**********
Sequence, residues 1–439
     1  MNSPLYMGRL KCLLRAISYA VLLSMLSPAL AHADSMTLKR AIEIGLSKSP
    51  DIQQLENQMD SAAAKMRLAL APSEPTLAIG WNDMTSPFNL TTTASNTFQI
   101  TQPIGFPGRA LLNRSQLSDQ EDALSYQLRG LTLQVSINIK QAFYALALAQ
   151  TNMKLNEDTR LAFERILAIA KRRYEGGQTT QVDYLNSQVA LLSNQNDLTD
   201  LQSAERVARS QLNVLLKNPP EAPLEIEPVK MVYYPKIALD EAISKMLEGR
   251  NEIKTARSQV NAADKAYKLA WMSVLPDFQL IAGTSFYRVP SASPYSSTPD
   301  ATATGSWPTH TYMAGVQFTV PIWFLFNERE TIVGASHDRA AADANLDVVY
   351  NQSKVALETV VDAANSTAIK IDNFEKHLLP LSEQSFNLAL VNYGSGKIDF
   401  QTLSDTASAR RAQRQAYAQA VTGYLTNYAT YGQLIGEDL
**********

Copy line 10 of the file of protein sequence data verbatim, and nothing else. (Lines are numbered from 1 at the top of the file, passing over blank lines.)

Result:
   401  QTLSDTASAR RAQRQAYAQA VTGYLTNYAT YGQLIGEDL